Insights come from random conversations — that is, if one reflects on them. Last week I was chatting with a nephew I meet only rarely and, unlike many intergenerational conversations, this one ventured out of the usual polite pleasantries into the risky terrain of politics, morality, and ethics. The young man spoke of the dilemmas of his generation, many of whom are bothered by the state of the world, and are confused about what to do about it. Some are beset by a sense of helplessness. Some end up burying themselves in social media and streamed content, emerging only now and then to order a meal through an app on their smart phones or make a restless run to the gym. Others look for ways to make the best of it by focusing on a career that takes them into a comfortable zone where they are shielded from these inconvenient truths. A few throw themselves into the good fight, taking up jobs that to their minds “make a difference” in some way. And the rest try to face the contradictions of this messy world, seeking opportunities where they can balance personal gain with public good.
“Do you really need to rush off to a war zone or to remote villages to do good work?” asked my nephew. “What about doing something in your own backyard, or neighbourhood, that could help someone?”
We went on to talk about how values are applied along a continuum, from the way we live our personal lives to how we conduct ourselves in public and in our work (and I have talked about this before). Our ideas about the world also can be applied across contexts, and we can in many ways do the kinds of things that will lead to change. Compassion, for instance, does not have to be expressed only by doing relief work in a disaster area, or by working to help street children — although, these are urgent and necessary activities that need as many resources as they can get. Compassion can also be about spending 10 minutes with a lonely elder, or stepping aside for someone who seems to be in a hurry, or taking the time to help a classmate who is having trouble with a lesson. Fighting the big climate change battle need not be about becoming an environmental scientist or joining protests against cutting trees, but also by not taking that plastic straw when you re ordering a soda, or turning off the fan and lights when you are the last one to leave the classroom. Believing in gender equity is as much about sharing all manner of tasks at home and reflecting upon your habitual responses as it is about signing petitions and carrying placards.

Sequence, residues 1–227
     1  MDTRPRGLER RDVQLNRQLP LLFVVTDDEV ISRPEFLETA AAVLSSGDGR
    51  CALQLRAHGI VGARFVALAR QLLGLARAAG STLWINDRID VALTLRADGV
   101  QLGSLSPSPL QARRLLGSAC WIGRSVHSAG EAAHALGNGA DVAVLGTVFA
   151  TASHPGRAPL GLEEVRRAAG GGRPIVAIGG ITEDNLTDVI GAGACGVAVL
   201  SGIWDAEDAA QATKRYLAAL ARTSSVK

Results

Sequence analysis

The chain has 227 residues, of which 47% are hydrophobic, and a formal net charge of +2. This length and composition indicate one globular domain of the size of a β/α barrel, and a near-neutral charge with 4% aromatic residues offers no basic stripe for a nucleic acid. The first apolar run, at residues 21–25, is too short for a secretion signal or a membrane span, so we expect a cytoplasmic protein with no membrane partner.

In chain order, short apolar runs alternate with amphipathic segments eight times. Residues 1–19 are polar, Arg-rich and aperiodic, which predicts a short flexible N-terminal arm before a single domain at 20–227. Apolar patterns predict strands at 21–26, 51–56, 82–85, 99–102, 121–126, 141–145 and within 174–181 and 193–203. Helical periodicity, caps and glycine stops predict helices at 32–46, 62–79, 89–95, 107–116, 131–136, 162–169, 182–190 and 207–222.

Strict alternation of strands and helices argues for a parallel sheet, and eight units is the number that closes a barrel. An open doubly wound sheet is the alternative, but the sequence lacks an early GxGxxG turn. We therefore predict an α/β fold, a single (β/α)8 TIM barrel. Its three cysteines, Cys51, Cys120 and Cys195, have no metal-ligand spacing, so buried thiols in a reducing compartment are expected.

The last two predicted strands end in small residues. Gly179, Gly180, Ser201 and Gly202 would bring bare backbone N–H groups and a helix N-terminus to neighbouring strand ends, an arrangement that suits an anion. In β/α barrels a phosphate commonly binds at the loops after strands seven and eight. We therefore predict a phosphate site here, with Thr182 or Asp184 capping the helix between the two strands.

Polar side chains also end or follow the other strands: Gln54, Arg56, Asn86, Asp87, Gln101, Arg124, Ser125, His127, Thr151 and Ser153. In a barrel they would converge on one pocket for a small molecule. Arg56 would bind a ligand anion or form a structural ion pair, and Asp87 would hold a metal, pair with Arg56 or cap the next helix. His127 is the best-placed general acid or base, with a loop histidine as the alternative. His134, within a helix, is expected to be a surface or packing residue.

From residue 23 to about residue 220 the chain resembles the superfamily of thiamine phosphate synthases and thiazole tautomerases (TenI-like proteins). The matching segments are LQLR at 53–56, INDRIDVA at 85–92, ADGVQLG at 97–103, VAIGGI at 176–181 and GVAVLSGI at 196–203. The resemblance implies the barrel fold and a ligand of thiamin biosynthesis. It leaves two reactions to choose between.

Many of us want desperately to do something that “makes a difference” (a tired phrase that refuses to lose its appeal), and we think we have failed if we don’t achieve the big goals. We end up placing less value on the small acts that make our immediate surroundings better, or bring pleasure and comfort to the people around us. But as that conversation reminded me, our values, beliefs, and ideas need to find expression not just in the academic and professional spaces we inhabit but also in the small ways we live our lives, every day.
The author teaches at the University of Hyderabad and edits Teacher Plus. email@example.com